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On 28/02/11 22:02, Josh Haberman wrote:
> You might even be able to do a thing like this in-process with
> pthread_cancel() (it has cleanup handlers that are run in the
> cancellation case), but I have no experience with this so can't say
> whether this would work or not.

*raises hand*

pthread_cancel doesn't actually do what it looks like it does. It
doesn't kill a thread; it just asks it to exit the next time it reaches
a cancellation point. Cancellation points are defined in Posix as a long
list of system calls that I won't copy here, but they basically consist
of anything that blocks.

Which means that this code:

	for (;;)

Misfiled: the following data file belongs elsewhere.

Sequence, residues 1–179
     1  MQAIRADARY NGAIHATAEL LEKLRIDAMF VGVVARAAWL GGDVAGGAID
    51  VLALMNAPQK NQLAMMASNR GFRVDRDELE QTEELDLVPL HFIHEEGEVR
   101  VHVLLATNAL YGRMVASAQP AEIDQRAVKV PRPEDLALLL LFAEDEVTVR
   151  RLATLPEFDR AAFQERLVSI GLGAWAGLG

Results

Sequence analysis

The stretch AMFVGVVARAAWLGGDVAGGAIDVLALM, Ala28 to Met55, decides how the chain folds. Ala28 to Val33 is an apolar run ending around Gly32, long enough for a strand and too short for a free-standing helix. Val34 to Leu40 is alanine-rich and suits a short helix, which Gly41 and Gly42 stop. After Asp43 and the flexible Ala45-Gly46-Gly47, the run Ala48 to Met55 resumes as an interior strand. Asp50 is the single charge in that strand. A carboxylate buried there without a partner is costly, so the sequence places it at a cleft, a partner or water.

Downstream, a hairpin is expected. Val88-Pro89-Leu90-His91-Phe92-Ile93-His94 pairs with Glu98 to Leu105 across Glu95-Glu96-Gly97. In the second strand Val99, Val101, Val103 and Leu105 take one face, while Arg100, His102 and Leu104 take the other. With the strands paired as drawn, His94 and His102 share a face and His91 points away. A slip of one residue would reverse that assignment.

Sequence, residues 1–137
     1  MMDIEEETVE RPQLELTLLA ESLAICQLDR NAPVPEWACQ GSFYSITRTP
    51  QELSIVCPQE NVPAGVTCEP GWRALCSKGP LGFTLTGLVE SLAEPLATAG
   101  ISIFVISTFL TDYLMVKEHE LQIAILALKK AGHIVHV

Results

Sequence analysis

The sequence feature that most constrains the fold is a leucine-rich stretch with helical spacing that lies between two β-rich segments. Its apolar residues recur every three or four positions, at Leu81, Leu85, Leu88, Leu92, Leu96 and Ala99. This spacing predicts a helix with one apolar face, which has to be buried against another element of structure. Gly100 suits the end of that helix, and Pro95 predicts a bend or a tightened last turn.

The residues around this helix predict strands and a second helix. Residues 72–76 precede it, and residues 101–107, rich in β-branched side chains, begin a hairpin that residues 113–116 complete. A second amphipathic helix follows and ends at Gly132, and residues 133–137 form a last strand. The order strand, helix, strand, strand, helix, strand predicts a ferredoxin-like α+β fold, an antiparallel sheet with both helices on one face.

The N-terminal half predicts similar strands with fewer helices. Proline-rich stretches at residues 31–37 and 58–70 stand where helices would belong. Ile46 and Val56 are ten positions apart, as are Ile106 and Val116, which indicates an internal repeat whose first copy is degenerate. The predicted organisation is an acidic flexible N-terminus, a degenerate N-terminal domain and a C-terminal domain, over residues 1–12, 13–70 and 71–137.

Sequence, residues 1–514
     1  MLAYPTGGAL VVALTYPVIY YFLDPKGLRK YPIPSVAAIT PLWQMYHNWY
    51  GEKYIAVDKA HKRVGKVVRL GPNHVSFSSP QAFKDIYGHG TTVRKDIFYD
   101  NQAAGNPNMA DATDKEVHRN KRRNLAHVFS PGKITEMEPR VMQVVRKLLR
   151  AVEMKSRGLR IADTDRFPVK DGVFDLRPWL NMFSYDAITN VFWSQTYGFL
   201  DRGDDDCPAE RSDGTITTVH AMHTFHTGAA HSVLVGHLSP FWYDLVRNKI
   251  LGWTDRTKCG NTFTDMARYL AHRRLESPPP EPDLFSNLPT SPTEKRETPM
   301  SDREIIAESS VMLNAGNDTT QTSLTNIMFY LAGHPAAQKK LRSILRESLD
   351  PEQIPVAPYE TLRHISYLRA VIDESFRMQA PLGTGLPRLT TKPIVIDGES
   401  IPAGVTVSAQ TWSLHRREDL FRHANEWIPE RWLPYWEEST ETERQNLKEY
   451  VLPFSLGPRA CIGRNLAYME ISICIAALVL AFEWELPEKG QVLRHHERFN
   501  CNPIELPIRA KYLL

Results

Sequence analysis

...will never reach a cancellation point and will therefore never exit.

The only way of terminating a thread that can be relied upon to actually
work is to terminate the entire process that contains it.

(I ran into this a big way in a while back. After much screaming we
managed to get the customers to change their requirements to make the
problem go away, 'cos there wasn't going to be a technical solution...)

Your best option here really is to sandbox your Lua VM inside a process,
I'm afraid, because then you can apply system level security to it ---
chroot, ulimit, selinux, etc --- and not only will it be much faster and
vastly more robust, but you can nuke it whenever you feel like and know
that it will stay nuked. (And that it won't leave any embarrassing locks
held when it dies.)

Lua Lanes might be a good place to start with this, although I think it
runs each lane in a separate thread, not process, and so would need

┌─── ───── ─────
│ "I have a mind like a steel trap. It's rusty and full of dead mice."
│ --- Anonymous, on rasfc

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